Ex-Terp Smith trashes nice-guy image with Colts

June 09, 1994|By Ken Murray | Ken Murray,Sun Staff Writer

In another incarnation, Irvin Smith was a mild-mannered cornerback who played his zone coverages with enough flair to be a BMOC at the University of Maryland.

That was then. The CFL Colts are now. In a recent practice, Smith demonstrated the difference. After a receiver delivered some trash talk his way, Smith got in the receiver's face with a sharp warning.

Forget that the receiver was five inches taller and 18 pounds heavier. On the next play, the same receiver cut off his pass pattern 5 yards short of the ball -- and of Smith. Coincidence or not? You make the call.

These days, Smith, 5 feet 10, 185 pounds, takes a back seat to no one. He arrived at Towson State two weeks ago with an attitude and a track record for getting cut late in camp.

Some 20 practices later, the attitude is winning out. Smith is a leading candidate to gain a starting cornerback job with the expansion Colts. He is still courteous but there is little similarity between the defensive back for the Terps in the late 1980s and the one making a name for himself here.

"It's something I didn't have at Maryland," Smith said of his aggressive edge. "Maryland didn't allow you to be yourself. You weren't allowed to taunt an opponent. You weren't allowed to be yourself on the field."

The attitude was acquired in London, of all places, where Smith spent two years with the Monarchs of the World League. He was one of the league's best cornerbacks on one of the league's best teams. The Monarchs won the first World Bowl in 1991.

"That gave me my whole identity," said Smith, who was born in Bethesda and lives in Gaithersburg. "It taught me to be the hammer instead of the nail.

"I was a good corner. I never taunted anybody. But my teammates were jumping in guys' faces. We were 1-0, 2-0, and my confidence started coming. If you talk the talk, you've got to walk the walk. I was backing up my talk.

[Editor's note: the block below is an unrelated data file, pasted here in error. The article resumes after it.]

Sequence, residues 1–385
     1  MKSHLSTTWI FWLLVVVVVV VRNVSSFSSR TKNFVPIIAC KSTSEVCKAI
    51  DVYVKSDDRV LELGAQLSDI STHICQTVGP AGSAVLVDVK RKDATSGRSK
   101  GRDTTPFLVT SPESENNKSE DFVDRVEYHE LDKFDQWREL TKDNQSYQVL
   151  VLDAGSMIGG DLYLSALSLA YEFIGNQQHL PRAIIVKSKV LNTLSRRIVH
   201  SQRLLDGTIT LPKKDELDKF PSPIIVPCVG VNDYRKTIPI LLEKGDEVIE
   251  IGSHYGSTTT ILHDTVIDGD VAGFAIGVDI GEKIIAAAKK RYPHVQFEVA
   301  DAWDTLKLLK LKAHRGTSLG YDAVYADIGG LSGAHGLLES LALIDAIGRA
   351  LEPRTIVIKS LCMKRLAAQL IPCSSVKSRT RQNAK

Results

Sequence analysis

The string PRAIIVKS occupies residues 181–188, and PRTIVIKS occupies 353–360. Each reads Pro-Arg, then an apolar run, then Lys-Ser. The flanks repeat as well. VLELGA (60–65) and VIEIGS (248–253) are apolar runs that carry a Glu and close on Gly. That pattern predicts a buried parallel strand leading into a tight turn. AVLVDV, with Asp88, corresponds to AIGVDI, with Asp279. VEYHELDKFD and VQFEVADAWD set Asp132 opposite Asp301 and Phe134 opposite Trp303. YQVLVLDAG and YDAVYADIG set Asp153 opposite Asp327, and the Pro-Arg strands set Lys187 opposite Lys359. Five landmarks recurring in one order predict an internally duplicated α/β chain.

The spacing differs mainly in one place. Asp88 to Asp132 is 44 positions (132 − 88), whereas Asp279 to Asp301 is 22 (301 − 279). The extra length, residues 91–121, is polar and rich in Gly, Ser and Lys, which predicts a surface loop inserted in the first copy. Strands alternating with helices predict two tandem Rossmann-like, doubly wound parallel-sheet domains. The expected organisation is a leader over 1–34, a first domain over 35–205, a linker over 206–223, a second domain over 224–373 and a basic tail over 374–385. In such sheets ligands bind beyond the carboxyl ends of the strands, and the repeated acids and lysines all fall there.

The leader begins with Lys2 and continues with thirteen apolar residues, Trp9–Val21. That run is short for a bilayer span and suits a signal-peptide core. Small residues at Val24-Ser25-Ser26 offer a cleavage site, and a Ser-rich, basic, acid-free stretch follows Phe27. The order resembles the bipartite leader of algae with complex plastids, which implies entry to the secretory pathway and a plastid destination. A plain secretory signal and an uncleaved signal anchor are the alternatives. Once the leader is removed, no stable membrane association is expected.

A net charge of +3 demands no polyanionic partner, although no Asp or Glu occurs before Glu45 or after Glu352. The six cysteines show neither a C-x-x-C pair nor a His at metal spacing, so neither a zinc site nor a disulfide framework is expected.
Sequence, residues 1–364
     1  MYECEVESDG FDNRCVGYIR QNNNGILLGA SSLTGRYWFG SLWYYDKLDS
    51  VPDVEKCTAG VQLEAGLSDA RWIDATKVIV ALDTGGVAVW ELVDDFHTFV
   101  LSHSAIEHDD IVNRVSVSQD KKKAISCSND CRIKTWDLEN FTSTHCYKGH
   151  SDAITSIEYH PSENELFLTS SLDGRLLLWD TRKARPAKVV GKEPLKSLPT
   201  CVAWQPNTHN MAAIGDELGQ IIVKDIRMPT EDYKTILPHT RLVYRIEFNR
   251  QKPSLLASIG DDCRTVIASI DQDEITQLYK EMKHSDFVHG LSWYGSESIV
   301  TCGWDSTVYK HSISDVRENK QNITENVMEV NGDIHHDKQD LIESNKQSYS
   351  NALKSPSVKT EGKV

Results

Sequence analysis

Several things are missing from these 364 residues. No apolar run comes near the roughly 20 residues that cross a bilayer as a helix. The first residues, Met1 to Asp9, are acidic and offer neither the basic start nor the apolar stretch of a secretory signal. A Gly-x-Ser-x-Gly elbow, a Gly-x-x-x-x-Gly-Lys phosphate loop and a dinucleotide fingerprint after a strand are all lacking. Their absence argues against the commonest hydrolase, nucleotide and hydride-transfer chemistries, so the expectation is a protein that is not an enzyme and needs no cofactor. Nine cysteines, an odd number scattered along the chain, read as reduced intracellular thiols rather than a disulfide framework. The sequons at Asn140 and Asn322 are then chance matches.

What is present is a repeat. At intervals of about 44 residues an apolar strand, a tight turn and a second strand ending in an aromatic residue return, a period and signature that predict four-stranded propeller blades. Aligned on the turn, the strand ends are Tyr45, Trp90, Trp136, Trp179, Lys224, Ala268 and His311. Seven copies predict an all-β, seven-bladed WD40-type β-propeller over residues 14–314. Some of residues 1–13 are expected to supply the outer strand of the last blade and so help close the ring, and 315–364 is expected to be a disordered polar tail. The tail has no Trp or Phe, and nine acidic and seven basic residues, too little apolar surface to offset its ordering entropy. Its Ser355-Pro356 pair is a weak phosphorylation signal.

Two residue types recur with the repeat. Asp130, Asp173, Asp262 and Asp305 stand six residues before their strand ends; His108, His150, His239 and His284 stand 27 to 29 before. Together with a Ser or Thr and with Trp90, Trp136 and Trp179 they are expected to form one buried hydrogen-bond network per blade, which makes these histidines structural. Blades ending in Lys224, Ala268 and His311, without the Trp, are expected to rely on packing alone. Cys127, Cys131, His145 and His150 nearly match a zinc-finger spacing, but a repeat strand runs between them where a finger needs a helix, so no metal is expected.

"I call it confidence, not boisterousness. I respect every receiver I go against, and I want them to respect me."

Smith's talk, and his versatility, are well-suited to the wide-open Canadian Football League, where man-to-man coverage is virtually mandated by the huge field. Although he's played the past several days at right cornerback, the Colts also have worked him at halfback and free safety.

Smith was cut twice by the New York Jets, spent two seasons on practice rosters in the CFL, then was cut by the Minnesota Vikings in 1991 and the Washington Redskins a year ago after 11 weeks on injured reserve.

Defensive coordinator Bob Price, who coaches the secondary, said cornerback is Smith's natural position.

"He's very instinctive," Price said. "He reads things well, plays things well. He has a good understanding of what to do. I wouldn't hesitate to use him at free safety, either. I don't see any flaws in his game."

At 27, Smith is running out of opportunities. When he found little interest from NFL teams, he signed with the Colts last month. This has the appearance of a last chance.

"I try not to think in those terms, as far as a last chance," he said. "I would love to finish my career here in Baltimore. I don't care about the NFL anymore. The next two or three seasons, I'd like to bring a Grey Cup championship to Baltimore. This could open up many more doors for me after my career, too."

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